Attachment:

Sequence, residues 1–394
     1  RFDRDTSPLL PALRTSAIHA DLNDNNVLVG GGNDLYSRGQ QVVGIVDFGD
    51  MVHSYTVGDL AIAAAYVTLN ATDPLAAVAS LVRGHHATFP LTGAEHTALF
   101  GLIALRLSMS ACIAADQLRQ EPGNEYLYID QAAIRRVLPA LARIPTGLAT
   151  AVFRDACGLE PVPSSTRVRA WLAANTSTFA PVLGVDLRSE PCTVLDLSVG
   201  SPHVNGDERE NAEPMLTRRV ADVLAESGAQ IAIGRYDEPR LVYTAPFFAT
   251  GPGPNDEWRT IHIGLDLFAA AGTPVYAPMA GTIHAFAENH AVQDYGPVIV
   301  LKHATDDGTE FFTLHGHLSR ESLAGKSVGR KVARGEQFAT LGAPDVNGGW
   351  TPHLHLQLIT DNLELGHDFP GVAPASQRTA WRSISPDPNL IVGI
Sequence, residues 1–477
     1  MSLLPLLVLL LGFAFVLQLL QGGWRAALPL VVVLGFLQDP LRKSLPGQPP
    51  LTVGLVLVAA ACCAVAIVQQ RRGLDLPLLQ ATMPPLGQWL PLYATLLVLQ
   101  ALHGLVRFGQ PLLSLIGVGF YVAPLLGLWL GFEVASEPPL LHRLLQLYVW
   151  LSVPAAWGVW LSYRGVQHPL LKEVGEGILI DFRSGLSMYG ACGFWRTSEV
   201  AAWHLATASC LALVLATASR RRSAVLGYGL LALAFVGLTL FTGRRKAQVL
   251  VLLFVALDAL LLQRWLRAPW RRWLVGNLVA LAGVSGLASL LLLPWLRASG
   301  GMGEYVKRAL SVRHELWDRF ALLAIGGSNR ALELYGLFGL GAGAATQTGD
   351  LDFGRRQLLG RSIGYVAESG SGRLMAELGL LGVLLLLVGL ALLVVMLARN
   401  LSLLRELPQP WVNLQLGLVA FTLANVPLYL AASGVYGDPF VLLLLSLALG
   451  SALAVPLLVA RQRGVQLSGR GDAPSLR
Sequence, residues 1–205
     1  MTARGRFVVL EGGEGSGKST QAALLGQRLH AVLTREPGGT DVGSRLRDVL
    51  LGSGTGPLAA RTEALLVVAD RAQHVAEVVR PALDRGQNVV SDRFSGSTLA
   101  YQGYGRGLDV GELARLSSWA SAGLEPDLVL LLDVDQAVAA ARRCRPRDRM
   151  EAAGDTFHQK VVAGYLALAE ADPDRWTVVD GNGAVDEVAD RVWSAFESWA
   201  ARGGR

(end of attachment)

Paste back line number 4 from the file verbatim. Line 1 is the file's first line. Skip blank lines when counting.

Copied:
   101  GLIALRLSMS ACIAADQLRQ EPGNEYLYID QAAIRRVLPA LARIPTGLAT